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Brain Differences In People With Aspergers

Aspergers is a neurodevelopmental disorder on the autism spectrum characterized by deficits in social interactions with others, limited interests, pervasive abnormalities in communicative behavior, and hyperfixations. People with Aspergers are said to be on the “higher end” of the autism spectrum. For many years, researchers have been trying to better understand Aspergers and the brain activity that contributes to this disability. (Thesis: Activity in the brain contributes to the behavior of people with Aspergers)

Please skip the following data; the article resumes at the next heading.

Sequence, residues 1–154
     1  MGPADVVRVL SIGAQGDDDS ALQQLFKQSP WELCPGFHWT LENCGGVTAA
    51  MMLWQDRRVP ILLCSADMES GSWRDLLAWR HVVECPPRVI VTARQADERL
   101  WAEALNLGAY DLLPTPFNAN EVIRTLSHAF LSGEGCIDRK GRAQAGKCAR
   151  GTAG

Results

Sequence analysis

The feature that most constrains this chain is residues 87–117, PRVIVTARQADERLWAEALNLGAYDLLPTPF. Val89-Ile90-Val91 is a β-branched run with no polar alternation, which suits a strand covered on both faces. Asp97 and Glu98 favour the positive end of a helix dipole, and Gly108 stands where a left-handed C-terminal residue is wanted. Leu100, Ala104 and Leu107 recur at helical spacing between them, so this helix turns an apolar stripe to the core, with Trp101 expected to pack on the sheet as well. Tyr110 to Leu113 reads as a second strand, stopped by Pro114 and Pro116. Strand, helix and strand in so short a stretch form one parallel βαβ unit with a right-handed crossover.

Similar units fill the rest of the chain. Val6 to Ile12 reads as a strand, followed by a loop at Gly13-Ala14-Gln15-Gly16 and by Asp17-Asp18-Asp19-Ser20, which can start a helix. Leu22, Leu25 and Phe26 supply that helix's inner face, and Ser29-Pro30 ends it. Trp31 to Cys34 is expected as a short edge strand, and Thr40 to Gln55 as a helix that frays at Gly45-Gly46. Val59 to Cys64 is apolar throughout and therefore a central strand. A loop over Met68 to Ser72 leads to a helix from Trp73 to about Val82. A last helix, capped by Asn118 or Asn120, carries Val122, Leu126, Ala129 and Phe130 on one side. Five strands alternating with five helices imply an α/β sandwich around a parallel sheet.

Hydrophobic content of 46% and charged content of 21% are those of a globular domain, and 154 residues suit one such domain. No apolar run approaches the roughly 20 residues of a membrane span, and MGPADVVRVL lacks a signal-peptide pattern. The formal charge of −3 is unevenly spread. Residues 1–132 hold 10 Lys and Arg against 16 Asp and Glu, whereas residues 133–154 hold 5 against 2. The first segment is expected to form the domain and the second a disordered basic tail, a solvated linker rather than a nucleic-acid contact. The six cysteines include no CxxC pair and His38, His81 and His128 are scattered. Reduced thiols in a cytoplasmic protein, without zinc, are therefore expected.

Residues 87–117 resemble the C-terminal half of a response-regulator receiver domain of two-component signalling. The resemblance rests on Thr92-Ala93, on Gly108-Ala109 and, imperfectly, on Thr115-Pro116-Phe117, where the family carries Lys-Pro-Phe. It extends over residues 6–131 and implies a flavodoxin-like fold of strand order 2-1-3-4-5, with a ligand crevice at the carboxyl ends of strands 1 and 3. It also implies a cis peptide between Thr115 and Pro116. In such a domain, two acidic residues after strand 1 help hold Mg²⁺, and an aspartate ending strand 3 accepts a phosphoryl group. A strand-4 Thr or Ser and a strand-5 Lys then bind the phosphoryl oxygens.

Due to the fact that Aspergers is a spectrum, it can manifest differently among a variety of people especially between males, and females. According to the report “Behavioral, Cognitive and Neural Markers of Asperger Syndrome” by Farnaz Faridi, and Reza Khosrowabadi, research has shown us that there is a significant difference in the autistic brains of males as opposed to females. For example, males were shown to have a harder time reading people’s faces, and emotions. In addition, it was shown that males with Aspergers have a harder time comprehending “theory of mind” as opposed to females with Aspergers. “Theory of mind” refers to having the capacity to understand that other people have different desires, thoughts, mental states, beliefs, as well as intentions. Throughout childhood, “theory of mind” develops as the prefrontal cortex of the brain develops. The prefrontal cortex is a portion of the brain which covers part of the frontal lobe of the cerebral cortex and is responsible for decision making, personality expression, modulating social behavior and controlling certain aspects of our speech and language. Furthermore, brain scans have shown us that when we judge the facial expressions of others, the part of the brain that usually lights up is the amygdala, which is responsible for judging emotions, decision making, memory, and enabling our fight or flight. However, in

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